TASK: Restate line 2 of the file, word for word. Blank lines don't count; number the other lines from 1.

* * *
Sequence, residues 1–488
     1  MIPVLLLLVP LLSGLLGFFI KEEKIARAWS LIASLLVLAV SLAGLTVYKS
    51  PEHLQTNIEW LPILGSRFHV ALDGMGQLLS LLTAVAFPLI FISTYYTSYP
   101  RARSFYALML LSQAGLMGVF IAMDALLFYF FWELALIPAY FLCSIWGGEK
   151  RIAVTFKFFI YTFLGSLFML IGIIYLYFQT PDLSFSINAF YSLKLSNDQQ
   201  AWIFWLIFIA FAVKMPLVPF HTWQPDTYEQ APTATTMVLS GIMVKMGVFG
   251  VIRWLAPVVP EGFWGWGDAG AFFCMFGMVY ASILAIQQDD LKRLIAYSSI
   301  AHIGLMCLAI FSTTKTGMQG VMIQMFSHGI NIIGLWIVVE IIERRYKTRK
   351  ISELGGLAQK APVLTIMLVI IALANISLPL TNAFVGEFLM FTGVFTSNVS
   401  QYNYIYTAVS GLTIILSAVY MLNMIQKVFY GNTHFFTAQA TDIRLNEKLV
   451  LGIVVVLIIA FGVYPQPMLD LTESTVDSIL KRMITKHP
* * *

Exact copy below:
     1  MIPVLLLLVP LLSGLLGFFI KEEKIARAWS LIASLLVLAV SLAGLTVYKS